I have to confess that it was extremely difficult to wake up in the early hours of the day, leave my warm bed and come to the university. However, I thank Meghan Beler for the great sessions she organized, they were very helpful.
First Session: Classroom Management 1
We began the session with a great “get to know” activity which I want to share here. Megan asked us to write down something which is true for as but not true for anyone else in the class on post-its. Afterwards, we sticked those post-its all around on the walls and walked around to read others’ post-its. I found someone else who spent 9 years away from her family and lived in a dormitory so I had to change that information.
Classroom management is a very-well known, mostly-discussed but most-difficult-to-do issue. I have been reading, listening to and talking about it since the first day of university education but it still sounds quite tricky.
The session started with the analysis of aspects of classroom management some of which are;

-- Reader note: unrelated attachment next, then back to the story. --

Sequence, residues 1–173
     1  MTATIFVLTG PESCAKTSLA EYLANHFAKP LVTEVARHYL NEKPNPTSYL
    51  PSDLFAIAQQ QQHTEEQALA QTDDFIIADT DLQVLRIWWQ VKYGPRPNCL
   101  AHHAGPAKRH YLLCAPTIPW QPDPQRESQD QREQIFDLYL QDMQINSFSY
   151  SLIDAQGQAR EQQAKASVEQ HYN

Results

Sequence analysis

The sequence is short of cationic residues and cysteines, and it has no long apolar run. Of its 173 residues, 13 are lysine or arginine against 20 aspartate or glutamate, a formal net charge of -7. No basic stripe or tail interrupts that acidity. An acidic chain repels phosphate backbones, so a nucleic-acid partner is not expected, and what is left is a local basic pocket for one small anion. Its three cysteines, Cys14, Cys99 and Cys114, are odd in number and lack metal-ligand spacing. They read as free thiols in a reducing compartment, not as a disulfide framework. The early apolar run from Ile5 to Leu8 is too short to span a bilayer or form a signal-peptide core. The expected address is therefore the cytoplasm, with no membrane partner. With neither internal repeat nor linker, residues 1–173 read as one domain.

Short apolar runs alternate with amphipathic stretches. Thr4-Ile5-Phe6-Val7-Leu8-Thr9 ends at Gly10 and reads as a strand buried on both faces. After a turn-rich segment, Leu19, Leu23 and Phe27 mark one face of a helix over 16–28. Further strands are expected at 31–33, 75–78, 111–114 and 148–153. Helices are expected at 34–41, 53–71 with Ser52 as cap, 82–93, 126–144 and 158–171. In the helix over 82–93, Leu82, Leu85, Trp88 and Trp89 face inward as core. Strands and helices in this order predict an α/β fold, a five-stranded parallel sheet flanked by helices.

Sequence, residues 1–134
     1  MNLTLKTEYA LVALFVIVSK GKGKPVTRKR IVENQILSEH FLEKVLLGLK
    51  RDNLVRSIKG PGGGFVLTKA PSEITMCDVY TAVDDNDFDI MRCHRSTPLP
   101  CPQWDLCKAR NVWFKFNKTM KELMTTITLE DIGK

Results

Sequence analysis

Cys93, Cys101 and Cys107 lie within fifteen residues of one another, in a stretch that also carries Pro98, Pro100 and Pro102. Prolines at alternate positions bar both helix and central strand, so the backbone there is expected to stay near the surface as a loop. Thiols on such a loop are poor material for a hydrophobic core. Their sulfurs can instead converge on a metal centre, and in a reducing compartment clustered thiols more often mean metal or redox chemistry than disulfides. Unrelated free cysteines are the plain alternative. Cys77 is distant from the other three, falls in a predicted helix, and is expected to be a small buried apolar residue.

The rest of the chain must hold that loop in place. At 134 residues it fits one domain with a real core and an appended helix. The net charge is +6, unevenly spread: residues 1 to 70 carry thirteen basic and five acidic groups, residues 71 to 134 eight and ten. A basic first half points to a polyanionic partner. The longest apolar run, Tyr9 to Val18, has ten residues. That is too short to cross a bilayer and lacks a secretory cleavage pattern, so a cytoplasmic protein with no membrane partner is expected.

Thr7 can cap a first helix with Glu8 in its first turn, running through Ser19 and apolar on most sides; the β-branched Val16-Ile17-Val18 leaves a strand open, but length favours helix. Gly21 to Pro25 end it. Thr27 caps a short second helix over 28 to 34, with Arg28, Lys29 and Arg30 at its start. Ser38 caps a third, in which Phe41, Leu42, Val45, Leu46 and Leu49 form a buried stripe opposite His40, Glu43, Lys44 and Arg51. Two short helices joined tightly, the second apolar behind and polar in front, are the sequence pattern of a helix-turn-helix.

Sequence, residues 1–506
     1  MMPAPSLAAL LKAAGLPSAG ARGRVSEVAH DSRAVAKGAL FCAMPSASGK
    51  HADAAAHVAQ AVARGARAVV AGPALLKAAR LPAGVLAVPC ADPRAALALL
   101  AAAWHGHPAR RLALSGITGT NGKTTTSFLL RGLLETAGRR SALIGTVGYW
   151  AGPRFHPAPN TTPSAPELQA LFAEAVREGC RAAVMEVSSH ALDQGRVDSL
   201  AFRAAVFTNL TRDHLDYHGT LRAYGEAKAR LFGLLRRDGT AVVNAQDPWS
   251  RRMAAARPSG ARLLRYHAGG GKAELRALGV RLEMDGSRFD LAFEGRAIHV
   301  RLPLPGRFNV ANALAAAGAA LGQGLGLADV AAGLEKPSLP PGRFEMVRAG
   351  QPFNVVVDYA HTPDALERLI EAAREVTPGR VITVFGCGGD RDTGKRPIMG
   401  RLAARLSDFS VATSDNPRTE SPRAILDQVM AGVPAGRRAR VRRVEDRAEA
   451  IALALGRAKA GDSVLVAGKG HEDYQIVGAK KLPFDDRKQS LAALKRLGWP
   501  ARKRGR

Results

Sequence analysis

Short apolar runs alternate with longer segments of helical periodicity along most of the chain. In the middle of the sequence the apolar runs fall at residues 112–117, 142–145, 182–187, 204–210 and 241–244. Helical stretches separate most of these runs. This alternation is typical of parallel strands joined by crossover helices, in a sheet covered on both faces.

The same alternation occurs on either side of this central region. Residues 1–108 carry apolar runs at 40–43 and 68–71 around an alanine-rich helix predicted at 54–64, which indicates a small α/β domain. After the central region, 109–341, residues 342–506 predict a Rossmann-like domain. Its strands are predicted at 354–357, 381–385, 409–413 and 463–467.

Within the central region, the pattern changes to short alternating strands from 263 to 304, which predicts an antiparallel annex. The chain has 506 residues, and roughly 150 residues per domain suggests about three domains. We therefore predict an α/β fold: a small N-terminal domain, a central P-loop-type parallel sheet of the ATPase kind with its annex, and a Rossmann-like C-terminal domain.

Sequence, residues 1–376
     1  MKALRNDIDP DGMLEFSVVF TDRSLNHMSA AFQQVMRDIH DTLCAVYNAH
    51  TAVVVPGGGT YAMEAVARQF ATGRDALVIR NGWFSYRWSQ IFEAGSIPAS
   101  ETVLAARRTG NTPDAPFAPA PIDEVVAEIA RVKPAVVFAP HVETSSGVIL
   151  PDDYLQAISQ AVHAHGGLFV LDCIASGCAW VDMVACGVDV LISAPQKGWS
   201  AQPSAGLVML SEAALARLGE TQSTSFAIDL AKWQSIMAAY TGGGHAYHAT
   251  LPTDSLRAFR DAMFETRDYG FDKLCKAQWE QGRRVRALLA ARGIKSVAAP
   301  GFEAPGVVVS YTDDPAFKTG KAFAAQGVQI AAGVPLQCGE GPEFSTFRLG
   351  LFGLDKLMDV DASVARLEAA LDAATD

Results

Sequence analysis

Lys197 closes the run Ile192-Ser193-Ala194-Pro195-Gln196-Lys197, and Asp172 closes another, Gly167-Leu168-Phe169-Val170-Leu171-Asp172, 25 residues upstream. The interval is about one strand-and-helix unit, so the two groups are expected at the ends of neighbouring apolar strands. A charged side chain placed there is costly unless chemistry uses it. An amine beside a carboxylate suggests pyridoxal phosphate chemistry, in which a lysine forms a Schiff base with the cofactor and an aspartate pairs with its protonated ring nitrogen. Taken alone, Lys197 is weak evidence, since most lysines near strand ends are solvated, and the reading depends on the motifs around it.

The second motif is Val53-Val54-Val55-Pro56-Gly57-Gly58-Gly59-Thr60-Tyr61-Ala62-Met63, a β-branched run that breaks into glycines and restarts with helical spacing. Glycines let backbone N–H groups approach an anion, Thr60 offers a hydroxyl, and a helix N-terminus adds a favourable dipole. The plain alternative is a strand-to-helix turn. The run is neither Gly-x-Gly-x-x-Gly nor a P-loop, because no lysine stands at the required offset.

- emotional environment,
- class dynamics,
- how we manage different parts of the lesson,
- how to guide them through an activity,
- building relationships,
- using resources etc.
After revising these aspects and talking about the importance of classroom management, we discussed some important element which are important for classroom management such as using the board, handing out materials, giving instructions and asking questions.
Using the board:
- Write the aim of the lesson at the top,
- Have section where you write vocabulary and important information which you don’t want to erase,
- Have ab organized board to help your students organized notes.
Handing out Materials and Interaction:
- First give the instructions and then the hand outs,
- Make your instructions clear, support them with examples,
- Try to include only necessary information and use your gestures.
- Your questions need to be balanced; information(display) or opinion(referential) questions.
- Make your questions natural,
- Give students time to think,
- Encourage student questioning.